Hang teardrop crystals or fringe on the bottom rim of a tired old shade for a glamorous touch. Or, if you have smaller crystals, hang them from either the top edge so each one lays flat against the shade or dangle them from the bottom rim so they move ever so slightly in a breeze while catching the light of the bulb.

  • 12 of 15

    Upcycle a Sweater

    DIY sweater lampshade

    Amber Oliver

    Do you have a beautiful sweater that you can't bear to part with but can't wear, either (maybe it shrunk by accident)? Turn it into a cozy textured cover for a lampshade. It's simple to transform the sweater. Make a straight cut under the arms, then put the hem of the sweater on the top of the shade and glue it down for a finished look. Wrap the rest of the sweater under the bottom rim and glue that down, trimming excess fabric so it's neat on the underside of the shade.


    If you don't want to cover an entire shade with knit fabric, grab pompoms from old hats and other knitwear and glue them on separately or make a garland for a burst of added softness and color for a bedroom lamp.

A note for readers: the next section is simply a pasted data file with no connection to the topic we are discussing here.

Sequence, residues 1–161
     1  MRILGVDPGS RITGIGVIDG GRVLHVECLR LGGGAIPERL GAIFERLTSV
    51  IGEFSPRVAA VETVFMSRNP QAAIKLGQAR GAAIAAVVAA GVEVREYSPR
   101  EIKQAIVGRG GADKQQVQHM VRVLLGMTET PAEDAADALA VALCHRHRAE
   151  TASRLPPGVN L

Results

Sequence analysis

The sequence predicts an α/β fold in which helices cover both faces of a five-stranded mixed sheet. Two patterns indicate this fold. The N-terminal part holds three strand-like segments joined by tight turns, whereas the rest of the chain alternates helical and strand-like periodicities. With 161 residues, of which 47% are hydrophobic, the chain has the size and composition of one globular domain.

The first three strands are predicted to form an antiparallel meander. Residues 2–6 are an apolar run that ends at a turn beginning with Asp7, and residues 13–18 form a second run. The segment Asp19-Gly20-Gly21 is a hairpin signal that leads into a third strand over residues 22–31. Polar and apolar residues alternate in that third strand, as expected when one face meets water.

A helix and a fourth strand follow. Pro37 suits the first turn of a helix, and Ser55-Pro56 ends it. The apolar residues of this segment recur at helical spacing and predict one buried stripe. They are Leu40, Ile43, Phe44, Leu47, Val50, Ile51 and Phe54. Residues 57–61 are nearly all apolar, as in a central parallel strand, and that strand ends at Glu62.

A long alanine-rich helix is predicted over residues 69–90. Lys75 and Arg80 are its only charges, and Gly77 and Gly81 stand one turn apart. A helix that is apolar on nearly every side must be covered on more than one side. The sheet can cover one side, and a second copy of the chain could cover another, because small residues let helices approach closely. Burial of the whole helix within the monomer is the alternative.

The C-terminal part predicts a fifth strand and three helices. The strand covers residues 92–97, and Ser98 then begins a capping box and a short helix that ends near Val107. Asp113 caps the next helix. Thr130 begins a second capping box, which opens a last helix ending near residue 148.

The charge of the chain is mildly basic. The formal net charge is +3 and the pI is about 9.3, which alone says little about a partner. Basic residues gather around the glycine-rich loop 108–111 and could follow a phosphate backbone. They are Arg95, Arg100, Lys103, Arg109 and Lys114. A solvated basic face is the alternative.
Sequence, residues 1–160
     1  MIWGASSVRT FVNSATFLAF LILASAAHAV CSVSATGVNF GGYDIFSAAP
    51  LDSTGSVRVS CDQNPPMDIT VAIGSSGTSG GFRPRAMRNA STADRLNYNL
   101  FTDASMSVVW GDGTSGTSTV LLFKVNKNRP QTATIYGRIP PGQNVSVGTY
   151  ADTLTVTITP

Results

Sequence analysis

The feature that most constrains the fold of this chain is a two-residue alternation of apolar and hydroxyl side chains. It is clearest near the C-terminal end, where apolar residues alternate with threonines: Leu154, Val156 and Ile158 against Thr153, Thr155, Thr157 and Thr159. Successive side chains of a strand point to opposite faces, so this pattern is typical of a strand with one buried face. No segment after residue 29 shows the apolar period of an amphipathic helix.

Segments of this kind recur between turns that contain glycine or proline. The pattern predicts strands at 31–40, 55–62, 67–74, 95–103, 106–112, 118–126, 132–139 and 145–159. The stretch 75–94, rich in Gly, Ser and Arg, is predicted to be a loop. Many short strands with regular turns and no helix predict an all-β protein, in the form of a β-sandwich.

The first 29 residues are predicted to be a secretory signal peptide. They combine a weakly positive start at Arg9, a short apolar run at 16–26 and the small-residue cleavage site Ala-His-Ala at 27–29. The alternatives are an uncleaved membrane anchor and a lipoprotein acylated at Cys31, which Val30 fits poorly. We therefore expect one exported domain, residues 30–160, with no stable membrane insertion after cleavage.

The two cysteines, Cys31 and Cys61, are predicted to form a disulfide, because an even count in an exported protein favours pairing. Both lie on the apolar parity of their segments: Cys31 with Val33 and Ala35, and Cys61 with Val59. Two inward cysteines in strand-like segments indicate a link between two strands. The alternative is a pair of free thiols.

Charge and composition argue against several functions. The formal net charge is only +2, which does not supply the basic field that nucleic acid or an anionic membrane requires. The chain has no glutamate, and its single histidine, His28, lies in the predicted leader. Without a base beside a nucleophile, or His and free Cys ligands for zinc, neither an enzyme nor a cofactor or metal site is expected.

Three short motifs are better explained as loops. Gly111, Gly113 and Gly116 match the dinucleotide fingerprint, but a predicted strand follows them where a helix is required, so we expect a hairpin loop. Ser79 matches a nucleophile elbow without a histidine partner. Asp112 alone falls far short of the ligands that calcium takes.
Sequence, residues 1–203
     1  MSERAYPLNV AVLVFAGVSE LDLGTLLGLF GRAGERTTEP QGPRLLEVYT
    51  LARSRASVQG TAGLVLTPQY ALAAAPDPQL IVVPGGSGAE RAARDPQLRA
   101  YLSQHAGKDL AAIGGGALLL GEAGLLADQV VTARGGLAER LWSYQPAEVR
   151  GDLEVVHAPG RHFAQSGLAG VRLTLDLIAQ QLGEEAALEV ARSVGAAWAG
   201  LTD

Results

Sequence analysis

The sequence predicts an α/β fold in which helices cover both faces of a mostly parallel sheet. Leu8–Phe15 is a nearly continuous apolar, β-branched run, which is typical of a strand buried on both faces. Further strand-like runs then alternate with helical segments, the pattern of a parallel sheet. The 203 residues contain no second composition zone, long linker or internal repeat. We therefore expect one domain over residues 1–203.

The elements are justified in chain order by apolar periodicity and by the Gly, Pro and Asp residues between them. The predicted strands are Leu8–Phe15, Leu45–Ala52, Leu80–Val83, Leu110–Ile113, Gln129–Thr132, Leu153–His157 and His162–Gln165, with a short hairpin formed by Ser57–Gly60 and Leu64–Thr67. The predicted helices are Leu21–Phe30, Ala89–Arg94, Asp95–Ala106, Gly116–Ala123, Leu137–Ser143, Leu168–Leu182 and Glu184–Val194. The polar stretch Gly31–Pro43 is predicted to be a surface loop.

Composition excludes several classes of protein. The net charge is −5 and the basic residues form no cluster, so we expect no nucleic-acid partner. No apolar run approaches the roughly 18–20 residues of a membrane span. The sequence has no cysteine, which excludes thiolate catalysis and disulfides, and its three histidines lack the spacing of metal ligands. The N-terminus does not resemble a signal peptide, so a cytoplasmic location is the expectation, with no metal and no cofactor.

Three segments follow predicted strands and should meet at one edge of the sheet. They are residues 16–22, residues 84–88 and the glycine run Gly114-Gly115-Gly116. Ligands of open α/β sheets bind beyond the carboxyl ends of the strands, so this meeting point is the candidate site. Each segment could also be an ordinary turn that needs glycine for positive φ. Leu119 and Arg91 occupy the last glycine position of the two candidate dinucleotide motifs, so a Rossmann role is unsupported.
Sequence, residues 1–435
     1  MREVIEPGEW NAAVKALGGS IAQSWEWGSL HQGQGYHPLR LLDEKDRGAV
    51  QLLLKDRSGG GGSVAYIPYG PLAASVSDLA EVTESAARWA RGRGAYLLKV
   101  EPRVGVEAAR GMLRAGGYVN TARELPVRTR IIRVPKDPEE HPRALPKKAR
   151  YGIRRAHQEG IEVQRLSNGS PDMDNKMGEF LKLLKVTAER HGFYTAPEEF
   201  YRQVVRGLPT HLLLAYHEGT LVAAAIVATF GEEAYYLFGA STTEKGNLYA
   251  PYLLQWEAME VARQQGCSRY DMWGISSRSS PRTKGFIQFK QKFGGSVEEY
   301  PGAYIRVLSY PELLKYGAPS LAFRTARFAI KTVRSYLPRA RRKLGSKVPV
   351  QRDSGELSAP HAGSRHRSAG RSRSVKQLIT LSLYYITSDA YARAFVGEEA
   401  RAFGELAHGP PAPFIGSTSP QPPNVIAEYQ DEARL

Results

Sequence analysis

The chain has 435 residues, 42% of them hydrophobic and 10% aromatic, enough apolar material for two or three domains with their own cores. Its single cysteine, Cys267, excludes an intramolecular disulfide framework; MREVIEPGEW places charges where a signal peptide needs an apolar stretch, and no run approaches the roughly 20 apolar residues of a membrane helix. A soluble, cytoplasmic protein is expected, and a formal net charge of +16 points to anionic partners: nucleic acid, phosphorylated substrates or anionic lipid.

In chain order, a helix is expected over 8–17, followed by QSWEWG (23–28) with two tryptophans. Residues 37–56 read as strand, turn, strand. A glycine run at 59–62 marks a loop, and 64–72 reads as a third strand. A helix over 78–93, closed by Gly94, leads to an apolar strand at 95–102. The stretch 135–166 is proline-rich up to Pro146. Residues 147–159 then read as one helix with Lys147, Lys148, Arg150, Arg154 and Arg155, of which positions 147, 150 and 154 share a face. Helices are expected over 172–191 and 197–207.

Continue to 13 of 15 below.
  • 13 of 15

    Transform With Tape

    DIY Washi Tape lamp shade

    As the Bunny Hops

    Whether it's foil or washi tape, you can rescue any old lampshade with color and design. Add a striped, chevron, or checkered design on a plain shade of any size to match the decor of your room.

  • 14 of 15

    Washi Paper Floral Lampshade

    Flower petal lampshade

    For the Love of Flowers

    With patience and skill, you can create a DIY floral masterpiece. Use Washi paper "petals" on lampshades by layering them in clusters from top to bottom in varied designs. The color and shape are completely up to you!

  • 15 of 15

    Use Cane Webbing

    DIY Cane Lamp Shade

    The Small Reno Project

    Caned accents have made a comeback in recent years, and it's easy to see why! Discard the old lampshade on your recent thrift find and replace it with caned webbing to instantly elevate your end or console table.